The disaster wrought by Hurricane Sandy has left many communities devastated, and, as with any event of this scale, lawsuits came nipping at its heels. New Jersey is suing seven gas stations and a hotel, accusing them of gouging prices by as much as 59 percent during the aftermath of the storm. A resident of Tarrytown, N.Y. filed a case against power company Con Edison for not restoring power sooner after Sandy.
Time will tell how these and more cases shake out as victims of the storm begin to rebuild, but in the meantime, we thought we’d take a look at some of the more bizarre litigation that has arisen from natural disasters in the past.
After the undersea earthquake and resulting tsunami that struck Japan in 2011, pop singer Lady Gaga designed charity bracelets to benefit the victims of the disaster, and sold them to her fans.
1800LAWFIRM, a legal network based in Michigan, was not convinced, however, that her claim that “all proceeds will be donated to Japan’s earthquake” was true, and filed a $5 million lawsuit against the star in June 2011. The suit claimed she overcharged for the bracelets, and earned a profit through the $4.79 shipping cost.
The parties reached a settlement on June 25, under which Lady Gaga agreed to donate more than $100,000 to a charity that helps victims of the Japan tragedy, but denied that the suit had any merit to begin with.
It’s not uncommon for people to lash out at God after a natural disaster, but Nebraska State Senator Ernie Chambers took his beef to court. His lawsuit against the higher power reads: “defendant directly and proximately has caused, inter alia, fearsome floods, egregious earthquakes, horrendous hurricanes, terrifying tornados, pestilential plagues…” Chambers reasoned that he was able to sue God because “[the] defendant, being omnipresent, is personally present in Douglas County.”
However, this suit wasn’t really about the natural disasters. Chambers filed it as a response to other senators trying to pass laws that limit the filing of frivolous lawsuits. As he told KPTM Fox 42, he wanted to prove that “anyone can sue anyone they choose, even God.”
Apparently lawsuits involving the Supreme Being are more common than you’d think. This next case, though, didn’t name God as a defendant; instead, the 1962 suit centered on the definition of an “act of God.”
The plaintiffs in the case—Harry, Benjamin and William Goldberg—owned a Pennsylvania warehouse located next to a two-story garage. When the garage’s roof collapsed after a heavy snowstorm, bringing the warehouse down with it, the plaintiffs sued. The garage owners won an initial jury trial by claiming that they were not liable, as the accident was the result of an “act of God.” But the Goldbergs argued that the defendants’ argument required them to affirmatively establish “the intervention of the Supreme Being” in the accident, and that the jury should have been instructed as such.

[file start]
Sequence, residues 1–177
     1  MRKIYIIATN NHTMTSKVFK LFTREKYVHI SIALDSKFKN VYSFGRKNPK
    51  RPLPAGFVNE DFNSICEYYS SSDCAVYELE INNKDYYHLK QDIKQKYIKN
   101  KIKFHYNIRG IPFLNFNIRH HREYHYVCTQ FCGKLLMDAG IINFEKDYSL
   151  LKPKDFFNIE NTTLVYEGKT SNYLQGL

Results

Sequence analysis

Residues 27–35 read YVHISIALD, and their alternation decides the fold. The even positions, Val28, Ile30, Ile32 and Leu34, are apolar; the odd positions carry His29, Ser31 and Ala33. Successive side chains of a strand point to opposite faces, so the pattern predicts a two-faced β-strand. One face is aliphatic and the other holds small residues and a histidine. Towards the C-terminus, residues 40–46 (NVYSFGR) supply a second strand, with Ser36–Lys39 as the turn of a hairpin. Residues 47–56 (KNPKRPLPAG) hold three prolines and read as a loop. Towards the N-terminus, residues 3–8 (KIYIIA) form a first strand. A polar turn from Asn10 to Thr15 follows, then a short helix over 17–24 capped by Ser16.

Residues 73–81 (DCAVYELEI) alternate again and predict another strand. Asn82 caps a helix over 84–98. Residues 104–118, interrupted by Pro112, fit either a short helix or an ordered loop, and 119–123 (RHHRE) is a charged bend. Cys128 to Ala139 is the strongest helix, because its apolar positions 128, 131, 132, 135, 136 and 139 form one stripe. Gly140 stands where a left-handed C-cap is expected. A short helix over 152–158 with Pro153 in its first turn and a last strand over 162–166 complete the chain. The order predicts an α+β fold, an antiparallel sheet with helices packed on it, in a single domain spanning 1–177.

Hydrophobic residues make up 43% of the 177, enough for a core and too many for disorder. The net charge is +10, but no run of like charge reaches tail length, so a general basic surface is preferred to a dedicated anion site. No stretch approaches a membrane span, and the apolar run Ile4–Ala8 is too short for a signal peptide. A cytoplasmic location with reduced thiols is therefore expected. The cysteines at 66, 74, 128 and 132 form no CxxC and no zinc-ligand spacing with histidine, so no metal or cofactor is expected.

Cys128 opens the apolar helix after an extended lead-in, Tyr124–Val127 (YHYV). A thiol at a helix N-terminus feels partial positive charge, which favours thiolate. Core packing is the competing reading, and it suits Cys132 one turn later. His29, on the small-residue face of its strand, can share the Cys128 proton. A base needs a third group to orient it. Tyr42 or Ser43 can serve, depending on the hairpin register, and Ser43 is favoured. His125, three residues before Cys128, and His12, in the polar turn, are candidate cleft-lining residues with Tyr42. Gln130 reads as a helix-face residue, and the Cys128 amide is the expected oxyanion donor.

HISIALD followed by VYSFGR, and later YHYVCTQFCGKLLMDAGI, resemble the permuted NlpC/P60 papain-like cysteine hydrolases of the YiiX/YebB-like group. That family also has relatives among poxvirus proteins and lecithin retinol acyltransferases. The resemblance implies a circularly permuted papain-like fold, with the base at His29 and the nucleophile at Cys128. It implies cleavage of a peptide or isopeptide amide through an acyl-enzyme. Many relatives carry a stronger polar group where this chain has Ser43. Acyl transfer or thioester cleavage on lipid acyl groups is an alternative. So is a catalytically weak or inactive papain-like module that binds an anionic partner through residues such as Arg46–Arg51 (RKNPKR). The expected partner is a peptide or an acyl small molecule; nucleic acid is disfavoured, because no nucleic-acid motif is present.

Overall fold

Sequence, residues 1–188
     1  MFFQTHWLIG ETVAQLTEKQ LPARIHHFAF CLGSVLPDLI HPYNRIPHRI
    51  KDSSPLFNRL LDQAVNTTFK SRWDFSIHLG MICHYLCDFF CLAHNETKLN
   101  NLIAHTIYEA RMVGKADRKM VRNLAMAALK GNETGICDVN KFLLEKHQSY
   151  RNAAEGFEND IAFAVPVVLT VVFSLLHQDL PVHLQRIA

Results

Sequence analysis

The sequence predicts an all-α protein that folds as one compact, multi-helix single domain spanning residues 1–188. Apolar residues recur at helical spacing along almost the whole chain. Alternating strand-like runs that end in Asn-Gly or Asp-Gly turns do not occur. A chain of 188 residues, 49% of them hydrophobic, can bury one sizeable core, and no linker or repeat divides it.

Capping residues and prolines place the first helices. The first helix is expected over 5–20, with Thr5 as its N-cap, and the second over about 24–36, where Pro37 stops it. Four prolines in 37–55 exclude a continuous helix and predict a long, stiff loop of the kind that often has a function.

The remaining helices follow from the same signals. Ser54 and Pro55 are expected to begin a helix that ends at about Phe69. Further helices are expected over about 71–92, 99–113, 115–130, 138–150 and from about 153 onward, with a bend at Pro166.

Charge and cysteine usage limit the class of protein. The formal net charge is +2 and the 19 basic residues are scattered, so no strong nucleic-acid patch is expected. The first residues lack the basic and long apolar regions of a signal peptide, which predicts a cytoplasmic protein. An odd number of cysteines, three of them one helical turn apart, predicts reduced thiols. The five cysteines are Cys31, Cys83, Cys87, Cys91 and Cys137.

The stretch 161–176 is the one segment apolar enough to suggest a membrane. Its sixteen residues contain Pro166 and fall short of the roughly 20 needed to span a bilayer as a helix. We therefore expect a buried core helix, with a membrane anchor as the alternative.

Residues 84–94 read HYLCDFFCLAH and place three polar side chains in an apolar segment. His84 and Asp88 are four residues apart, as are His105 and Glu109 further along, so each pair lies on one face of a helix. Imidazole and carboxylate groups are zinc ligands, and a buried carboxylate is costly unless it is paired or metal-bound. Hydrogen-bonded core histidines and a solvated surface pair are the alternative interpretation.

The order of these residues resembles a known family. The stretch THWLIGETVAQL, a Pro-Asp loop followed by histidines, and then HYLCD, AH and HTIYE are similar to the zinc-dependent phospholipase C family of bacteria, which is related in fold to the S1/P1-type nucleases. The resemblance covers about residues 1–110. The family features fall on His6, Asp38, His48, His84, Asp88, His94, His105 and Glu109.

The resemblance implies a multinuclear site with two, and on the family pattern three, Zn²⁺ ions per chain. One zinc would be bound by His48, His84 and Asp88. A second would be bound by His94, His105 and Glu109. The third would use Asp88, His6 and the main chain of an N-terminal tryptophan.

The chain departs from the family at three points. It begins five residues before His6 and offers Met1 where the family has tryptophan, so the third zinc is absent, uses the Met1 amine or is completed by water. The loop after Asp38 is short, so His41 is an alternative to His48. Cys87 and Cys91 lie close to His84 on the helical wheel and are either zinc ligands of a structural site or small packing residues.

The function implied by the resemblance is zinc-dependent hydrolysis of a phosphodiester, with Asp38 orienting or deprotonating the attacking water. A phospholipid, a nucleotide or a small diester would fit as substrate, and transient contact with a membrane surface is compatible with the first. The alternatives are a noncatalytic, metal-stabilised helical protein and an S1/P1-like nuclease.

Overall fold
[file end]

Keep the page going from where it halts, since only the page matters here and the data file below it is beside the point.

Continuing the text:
Writing for the court, Pennsylvania Supreme Court Judge Michael Musmanno agreed that the jury instructions were insufficient, but noted in his opinion that juries should not be responsible for assigning blame between God and man. “There is, or should be something inwardly disturbing about asking a jury to determine what part of an accident was caused by man and what part was wrought by the hand of God, and then to apportion the several liabilities,” he wrote. “Is this within the capacity of twelve mortal men and women?”
From Prediction to Prison
It would seem that humans can be held guilty for acts of nature after all. On Oct. 22, six Italian seismologists and one government official were convicted of manslaughter and sentenced to seven years in prison for failing to alert the residents of L’Aquila, Italy before an earthquake hit the town and killed more than 300 people.
In 2009, the defendants were asked to assess the danger of a major earthquake occurring, after the region had experienced several months of seismic activity. The lawsuit claimed they used “inexact, incomplete and contradictory” information about the risk of a quake in their assessment.
Climate change is a contentious issue, so it’s no surprise that it eventually ended up in the courts in Comer v. Murphy Oil. The plaintiff in the case argued that greenhouse gas emissions from oil companies and other energy producers had contributed to global warming and increased the damage caused by Hurricane Katrina. Although a three-judge panel of the 5th Circuit allowed the case to proceed, an en banc panel vacated that decision by accepting the appeal, only to dissolve when multiple recusals resulted in a loss of the panel’s quorum.
The Comer ruling also played a role in the more recent case Kivalina v. ExxonMobil Corp, in which a small Alaskan village forced to relocate by rising waters sued the oil company for monetary damages, arguing that the energy industry was responsible for flooding caused by climate change. Citing Comer, a district court ruled that Kivalina’s flooding was not “fairly traceable” to ExxonMobil’s greenhouse gas emissions.